menu ☰
menu ˟

Sex-related trends in mortality after elective abdominal aortic aneurysm surgery between 2002 and 2013 at National Health Service hospitals in England: less benefit for women compared with men

30 Dec 2016


To quantify the difference in long-term survival and cardiovascular morbidity between women and men undergoing elective abdominal aortic aneurysm (AAA) repair at National Health Service hospitals in England.

Methods and results

Patients having elective repair of AAA were reviewed using the Hospital Episode Statistics and Office for National Statistics (ONS) datasets. The primary outcome measure was 30-day mortality and the secondary outcomes were 1-year, 5-year, and aortic-related mortality and post-operative complication rates. We used logistic regression and survival models to assess risk factors on the primary and secondary outcomes. Between 1 April 2002 and 31 March 2013, a total of 31 090 patients (4795 women and 26 295 men) underwent open AAA repair. Between 1 January 2006 and 31 March 2013, a total of 16 777 patients (2036 women and 14 741 men) underwent endovascular aneurysm repair (EVAR). All-cause and aortic-related mortalities at 30 days, 1 year, and 5 years were all higher in women, despite a lower prevalence of pre-operative cardiovascular risk factors. Female sex was a significant independent risk factor for 30-day mortality in both open repair [odds ratio (OR) 1.39; 95% confidence interval (CI) 1.25–1.56; P < 0.001] and EVAR (OR 1.57; 95% CI 1.23–2.00; P < 0.001) groups. Based on an all-cause long-term survival model, conditional on 30-day survival, the estimated hazard for women in the open repair group was significantly (P = 0.006) higher than men, but the sex difference was not significant in the EVAR group (P = 0.356). In the open repair group, women had significantly (P < 0.001) higher cumulative incidence probabilities for both aortic-related mortality and other-cause mortality. In the EVAR group, women had significantly (P < 0.001) higher mean cumulative incidence probabilities for the aortic-related mortality compared with men, but not for the other-cause mortality (P = 0.235).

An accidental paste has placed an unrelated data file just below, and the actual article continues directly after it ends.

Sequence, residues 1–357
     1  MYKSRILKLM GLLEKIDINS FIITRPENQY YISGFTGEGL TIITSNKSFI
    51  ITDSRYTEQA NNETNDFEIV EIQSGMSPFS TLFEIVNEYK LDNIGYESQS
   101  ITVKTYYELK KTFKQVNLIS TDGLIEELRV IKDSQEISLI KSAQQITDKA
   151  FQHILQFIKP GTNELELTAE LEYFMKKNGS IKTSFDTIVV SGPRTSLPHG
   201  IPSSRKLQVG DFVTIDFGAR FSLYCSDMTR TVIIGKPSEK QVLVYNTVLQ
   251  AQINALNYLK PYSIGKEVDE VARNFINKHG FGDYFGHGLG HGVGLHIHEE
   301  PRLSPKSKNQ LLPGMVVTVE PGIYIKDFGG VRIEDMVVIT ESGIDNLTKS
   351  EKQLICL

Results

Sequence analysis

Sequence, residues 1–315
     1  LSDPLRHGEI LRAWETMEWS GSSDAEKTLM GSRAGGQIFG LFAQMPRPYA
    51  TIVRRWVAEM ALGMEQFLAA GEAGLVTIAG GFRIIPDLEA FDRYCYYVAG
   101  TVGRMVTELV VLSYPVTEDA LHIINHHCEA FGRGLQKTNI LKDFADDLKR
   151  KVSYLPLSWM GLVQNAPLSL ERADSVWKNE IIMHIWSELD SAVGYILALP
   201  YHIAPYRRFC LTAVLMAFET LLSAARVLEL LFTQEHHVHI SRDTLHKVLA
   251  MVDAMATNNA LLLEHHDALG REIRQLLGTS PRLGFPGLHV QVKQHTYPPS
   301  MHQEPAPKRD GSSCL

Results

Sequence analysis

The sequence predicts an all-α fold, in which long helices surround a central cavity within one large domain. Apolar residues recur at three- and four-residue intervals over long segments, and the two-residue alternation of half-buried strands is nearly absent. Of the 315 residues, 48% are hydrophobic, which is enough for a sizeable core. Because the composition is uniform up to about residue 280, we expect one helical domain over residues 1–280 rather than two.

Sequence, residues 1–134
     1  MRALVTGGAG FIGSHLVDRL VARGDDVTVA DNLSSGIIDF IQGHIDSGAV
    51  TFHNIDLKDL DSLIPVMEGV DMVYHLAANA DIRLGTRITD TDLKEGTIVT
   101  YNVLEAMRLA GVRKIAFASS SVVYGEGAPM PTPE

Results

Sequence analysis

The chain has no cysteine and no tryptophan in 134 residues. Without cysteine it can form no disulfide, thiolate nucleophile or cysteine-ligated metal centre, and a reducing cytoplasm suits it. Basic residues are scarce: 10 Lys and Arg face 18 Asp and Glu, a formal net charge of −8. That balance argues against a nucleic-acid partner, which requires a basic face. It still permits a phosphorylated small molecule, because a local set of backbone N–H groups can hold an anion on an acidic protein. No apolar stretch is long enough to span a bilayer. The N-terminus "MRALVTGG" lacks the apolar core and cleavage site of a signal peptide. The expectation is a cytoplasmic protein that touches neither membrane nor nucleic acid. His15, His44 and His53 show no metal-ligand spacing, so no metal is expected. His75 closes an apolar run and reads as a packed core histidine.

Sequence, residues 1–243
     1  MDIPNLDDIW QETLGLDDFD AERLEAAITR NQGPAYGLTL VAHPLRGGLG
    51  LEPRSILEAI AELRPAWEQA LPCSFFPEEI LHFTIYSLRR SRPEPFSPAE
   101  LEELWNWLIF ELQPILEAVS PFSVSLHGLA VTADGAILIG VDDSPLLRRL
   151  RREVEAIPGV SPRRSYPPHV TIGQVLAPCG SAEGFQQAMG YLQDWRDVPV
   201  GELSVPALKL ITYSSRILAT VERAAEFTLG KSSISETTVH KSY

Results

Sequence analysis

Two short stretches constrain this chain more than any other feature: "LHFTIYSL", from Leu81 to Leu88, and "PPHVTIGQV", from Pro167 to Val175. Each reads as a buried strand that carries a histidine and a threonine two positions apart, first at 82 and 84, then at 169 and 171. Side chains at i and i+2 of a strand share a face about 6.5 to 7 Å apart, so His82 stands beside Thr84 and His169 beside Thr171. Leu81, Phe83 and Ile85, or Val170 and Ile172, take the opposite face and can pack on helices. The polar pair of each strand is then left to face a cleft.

Women undergoing elective AAA repair at National Health Service hospitals in England had increased short- and long-term mortality and post-operative morbidity compared with men. These findings can be used to improve pre-operative counselling for women undergoing AAA repair, and highlight the need for female-specific pre-, peri-, and post-operative management strategies.

Click here to view the full article which appeared in European Heart Journal